St. Michael’s Church in Sagard is a single-nave, four-bay Romanesque church built in the early 13th century. Of the original late-Romanesque structure, the nave walls and the western part of the triumphal arch have survived to their full height. The structure of the Romanesque upper wall has been preserved almost completely inside and out. In about 1400 the choir was rebuilt in Gothic style (using demolition material from the Romanesque choir) and a sacristy was added.
Alterations to the nave by insertion of arcades in the north wall and the construction of a northern aisle and a southern chapel were made in the course of the 15th century. In the south wall of the Romanesque nave, Gothic windows were inserted. The west tower was built in about 1500. The choir has a flat board ceiling (the planned vault was never built). The nave was vaulted after completion of the west tower. In 1633 the polygonal spire was restored and the pavilion roof built. In 1786/87 the south chapel was extended by two rib-vaulted bays in Renaissance style. The two-storey sacristy was built in the 18th century using wall remnants from an older sacristy. The outer wall of the northern aisle was newly faced in 1917. The interior is whitewashed. Fittings are painted a uniform yellowish brown. The floor is paved with brick and clay tiling. The choir is raised by four steps. The rooftruss is medieval. Oldest furnishings and accessories are the corpus of a triumphal cross ensemble from the 15th century.References:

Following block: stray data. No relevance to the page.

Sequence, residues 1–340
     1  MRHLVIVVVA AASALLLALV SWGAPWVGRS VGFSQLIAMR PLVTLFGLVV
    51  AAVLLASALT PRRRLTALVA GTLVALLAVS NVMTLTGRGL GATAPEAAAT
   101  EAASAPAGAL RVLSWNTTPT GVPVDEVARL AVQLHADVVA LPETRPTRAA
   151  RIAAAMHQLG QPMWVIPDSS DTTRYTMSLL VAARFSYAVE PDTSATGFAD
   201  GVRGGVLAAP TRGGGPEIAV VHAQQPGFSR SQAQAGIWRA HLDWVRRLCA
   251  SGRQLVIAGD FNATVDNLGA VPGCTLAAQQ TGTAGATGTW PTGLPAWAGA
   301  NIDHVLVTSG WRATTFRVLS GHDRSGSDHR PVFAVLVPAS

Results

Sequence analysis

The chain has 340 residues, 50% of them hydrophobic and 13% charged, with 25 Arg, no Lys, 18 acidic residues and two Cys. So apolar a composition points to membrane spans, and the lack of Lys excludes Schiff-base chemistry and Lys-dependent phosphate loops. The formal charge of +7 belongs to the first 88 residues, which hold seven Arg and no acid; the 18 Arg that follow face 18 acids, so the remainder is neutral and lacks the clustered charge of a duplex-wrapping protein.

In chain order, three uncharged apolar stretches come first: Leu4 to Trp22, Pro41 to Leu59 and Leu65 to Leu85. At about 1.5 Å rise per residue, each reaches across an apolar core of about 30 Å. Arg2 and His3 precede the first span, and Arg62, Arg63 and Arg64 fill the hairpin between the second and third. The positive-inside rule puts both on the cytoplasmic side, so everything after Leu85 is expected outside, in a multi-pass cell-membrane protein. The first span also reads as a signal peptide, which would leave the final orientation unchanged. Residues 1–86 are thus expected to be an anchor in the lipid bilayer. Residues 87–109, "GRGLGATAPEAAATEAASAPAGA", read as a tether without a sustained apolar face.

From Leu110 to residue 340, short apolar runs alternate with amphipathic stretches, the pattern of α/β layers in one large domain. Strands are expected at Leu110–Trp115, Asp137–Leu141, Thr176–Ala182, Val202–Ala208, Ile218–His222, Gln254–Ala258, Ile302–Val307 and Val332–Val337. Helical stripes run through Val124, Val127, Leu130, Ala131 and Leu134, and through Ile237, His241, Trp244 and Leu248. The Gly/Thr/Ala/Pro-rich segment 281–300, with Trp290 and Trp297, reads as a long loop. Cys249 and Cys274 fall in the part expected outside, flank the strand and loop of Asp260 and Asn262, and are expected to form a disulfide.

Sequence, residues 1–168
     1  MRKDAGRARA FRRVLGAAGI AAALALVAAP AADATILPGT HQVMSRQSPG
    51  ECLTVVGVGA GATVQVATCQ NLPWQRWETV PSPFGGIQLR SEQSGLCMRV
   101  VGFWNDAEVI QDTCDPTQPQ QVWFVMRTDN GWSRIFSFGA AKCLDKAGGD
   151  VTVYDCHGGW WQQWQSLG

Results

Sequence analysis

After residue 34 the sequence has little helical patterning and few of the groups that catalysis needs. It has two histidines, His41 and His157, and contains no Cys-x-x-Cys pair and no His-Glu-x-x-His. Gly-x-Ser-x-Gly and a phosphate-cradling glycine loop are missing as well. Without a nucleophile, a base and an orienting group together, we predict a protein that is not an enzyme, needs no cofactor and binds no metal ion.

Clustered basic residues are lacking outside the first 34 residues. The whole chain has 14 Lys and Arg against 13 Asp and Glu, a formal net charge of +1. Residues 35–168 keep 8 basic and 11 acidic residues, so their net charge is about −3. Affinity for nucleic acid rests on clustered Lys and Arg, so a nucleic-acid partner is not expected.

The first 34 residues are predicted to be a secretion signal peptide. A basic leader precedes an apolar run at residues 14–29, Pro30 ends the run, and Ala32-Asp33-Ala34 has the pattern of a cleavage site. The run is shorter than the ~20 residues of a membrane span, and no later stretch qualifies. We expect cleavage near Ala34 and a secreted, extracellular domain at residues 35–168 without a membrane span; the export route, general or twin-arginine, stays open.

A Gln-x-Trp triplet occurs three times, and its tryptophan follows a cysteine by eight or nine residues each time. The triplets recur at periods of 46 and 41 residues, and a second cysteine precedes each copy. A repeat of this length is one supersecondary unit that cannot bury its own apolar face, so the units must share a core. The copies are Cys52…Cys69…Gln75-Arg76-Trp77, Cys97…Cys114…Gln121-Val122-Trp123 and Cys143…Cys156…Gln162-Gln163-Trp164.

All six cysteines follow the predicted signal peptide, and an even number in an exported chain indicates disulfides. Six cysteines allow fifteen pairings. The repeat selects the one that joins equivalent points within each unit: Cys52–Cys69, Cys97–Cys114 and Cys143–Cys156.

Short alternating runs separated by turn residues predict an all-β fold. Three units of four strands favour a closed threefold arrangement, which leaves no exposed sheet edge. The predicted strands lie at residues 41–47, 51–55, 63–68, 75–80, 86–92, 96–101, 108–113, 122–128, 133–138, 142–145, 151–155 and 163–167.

Bamberg is located in Upper Franconia on the river Regnitz close to its confluence with the river Main. Its historic city center is a listed UNESCO world heritage site.
Bamberg is a good example of a central European town with a basically early medieval plan and many surviving ecclesiastical and secular buildings of the medieval period. When Henry II, Duke of Bavaria, became King of Germany in 1007 he made Bamberg the seat of a bishopric, intended to become a 'second Rome'. Of particular interest is the way in which the present town illustrates the link between agriculture (market gardens and vineyards) and the urban distribution centre.
From the 10th century onwards, Bamberg became an important link with the Slav peoples, especially those of Poland and Pomerania. During its period of greatest prosperity, from the 12th century onwards, the architecture of this town strongly influenced northern Germany and Hungary. In the late 18th century Bamberg was the centre of the Enlightenment in southern Germany, with eminent philosophers and writers such as Georg Wilhelm Friedrich Hegel and E.T.A. Hoffmann living there.
Bamberg extends over seven hills, each crowned by a beautiful church. This has led to Bamberg being called the 'Franconian Rome'.